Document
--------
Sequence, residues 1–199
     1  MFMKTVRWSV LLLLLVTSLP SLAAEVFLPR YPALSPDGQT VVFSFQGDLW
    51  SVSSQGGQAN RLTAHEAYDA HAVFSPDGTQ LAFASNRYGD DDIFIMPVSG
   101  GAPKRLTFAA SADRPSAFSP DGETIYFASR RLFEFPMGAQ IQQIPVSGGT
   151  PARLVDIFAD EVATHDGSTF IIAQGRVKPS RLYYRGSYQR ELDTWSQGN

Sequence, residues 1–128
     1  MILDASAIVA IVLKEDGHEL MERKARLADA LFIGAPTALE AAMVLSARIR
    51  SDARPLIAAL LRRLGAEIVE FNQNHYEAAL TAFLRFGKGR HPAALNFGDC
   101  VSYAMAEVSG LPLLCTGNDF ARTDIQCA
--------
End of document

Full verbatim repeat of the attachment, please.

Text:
Sequence, residues 1–199
     1  MFMKTVRWSV LLLLLVTSLP SLAAEVFLPR YPALSPDGQT VVFSFQGDLW
    51  SVSSQGGQAN RLTAHEAYDA HAVFSPDGTQ LAFASNRYGD DDIFIMPVSG
   101  GAPKRLTFAA SADRPSAFSP DGETIYFASR RLFEFPMGAQ IQQIPVSGGT
   151  PARLVDIFAD EVATHDGSTF IIAQGRVKPS RLYYRGSYQR ELDTWSQGN

Sequence, residues 1–128
     1  MILDASAIVA IVLKEDGHEL MERKARLADA LFIGAPTALE AAMVLSARIR
    51  SDARPLIAAL LRRLGAEIVE FNQNHYEAAL TAFLRFGKGR HPAALNFGDC
   101  VSYAMAEVSG LPLLCTGNDF ARTDIQCA